Posted on: December 31, 2013 Posted by: vudfc Comments: 0

Where we think we are headed in the future plays a part in shaping present-day decisions. For instance, many of us have career goals and those goals dictate how we perform at work—we are not late to work and do not punch or tickle our bosses for the damage those things might do, not only to our present circumstance but to our future prospects as well.

Our broader worldview is much like that too. We live in a way that gives away what we believe about the future. Many an 80’s rocker believed there was no future—at least not a lasting one—so they rode hard the Highway to Hell, partying themselves to oblivion. Conversely, some believe that the afterlife is an earned thing, so they spend their lives dutifully following self-imposed rules and toeing the line.

For Christians, our belief is often informed by a picture of Heaven, an everlasting place of . . . well, what exactly is it anyway? Is it floating on a cloud? Is a harp provided or do I need to bring my own? Do I get wings? Can I bring a friend?

We just sort of guess around at a place we will be forever, which, I don’t know, seems to be about the silliest thing ever. I mean, we’re gonna be there (in a Sandlot voice) FOR-EV-ERRRR . . . It may just be worth looking into!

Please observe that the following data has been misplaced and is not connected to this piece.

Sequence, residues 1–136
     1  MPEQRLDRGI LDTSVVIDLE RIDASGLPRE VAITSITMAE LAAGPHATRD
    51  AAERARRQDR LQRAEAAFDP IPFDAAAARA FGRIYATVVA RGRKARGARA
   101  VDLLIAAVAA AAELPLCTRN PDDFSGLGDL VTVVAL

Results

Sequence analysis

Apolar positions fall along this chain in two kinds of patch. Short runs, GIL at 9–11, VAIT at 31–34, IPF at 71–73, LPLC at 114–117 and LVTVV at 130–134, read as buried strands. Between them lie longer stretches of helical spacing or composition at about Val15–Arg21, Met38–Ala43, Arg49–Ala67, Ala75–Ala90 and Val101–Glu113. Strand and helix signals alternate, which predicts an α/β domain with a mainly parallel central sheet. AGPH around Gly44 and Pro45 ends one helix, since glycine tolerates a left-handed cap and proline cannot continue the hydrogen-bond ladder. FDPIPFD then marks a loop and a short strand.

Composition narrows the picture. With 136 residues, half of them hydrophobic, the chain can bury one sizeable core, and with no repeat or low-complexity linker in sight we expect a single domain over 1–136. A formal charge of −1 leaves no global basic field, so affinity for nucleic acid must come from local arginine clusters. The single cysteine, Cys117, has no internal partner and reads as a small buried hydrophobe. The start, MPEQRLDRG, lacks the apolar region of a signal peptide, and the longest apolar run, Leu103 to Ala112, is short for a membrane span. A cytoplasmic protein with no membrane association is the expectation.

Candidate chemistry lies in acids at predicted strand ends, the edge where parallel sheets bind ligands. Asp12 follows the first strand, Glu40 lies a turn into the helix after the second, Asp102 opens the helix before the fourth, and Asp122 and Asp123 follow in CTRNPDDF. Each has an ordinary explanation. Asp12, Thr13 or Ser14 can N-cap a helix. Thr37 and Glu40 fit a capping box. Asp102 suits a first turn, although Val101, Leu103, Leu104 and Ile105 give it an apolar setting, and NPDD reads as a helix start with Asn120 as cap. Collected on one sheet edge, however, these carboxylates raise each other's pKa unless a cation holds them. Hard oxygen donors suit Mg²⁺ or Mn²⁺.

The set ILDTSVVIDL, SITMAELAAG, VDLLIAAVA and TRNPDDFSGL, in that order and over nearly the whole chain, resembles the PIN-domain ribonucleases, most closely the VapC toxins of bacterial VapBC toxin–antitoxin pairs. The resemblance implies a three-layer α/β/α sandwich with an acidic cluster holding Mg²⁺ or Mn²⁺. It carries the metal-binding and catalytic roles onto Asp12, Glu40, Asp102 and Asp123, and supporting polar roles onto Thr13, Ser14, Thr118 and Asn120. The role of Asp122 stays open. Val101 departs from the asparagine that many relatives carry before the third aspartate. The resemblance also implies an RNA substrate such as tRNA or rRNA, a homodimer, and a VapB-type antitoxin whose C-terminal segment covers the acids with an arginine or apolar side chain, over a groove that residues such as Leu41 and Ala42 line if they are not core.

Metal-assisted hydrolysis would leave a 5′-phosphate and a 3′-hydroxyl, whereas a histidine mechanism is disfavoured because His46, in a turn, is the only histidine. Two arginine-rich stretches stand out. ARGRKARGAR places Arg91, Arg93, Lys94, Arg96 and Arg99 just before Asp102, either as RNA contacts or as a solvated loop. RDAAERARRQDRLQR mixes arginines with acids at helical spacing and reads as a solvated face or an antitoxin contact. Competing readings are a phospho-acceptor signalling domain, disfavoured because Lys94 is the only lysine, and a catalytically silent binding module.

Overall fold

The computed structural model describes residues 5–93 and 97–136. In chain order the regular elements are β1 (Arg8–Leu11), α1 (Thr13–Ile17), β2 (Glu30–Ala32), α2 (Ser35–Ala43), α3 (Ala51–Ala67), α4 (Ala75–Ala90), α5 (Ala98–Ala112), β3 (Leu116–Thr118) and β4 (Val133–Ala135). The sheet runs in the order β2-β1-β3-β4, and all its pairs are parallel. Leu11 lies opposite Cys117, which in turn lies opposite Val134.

Added to this—if our view of our eternal landing place is that it is a slightly worse, more boring version of our current situation, how does that impact how we do life here? The response to that can have staggering impact on how we view art, work, love, evangelism, and life in general.

In Heaven, Randy Alcorn puts years of copious research into a book that seeks to accurately display what Heaven will be like. He tackles questions from the lofty (Can you know you are going to Heaven?) to the more basic (What will eat? Will we be ‘ourselves’? Will our pets be there?). The book could blow apart your worldview and have you actually envisioning your eternal destination in an accurate, biblical way.

The book is long (around 492 pages), but the way it is broken down by common questions allows for one to skip around to what interests one—it is not a book that has to be read cover-to-cover all in one sitting.

As you begin the New Year, perhaps you can begin investigating the millions of new years that lay in wait for you on the other side of eternity. Heaven is a great place to start.

*There is one copy available in the resource center. If you’d be interested in reading this book or starting a small group featuring it, contact Matt.

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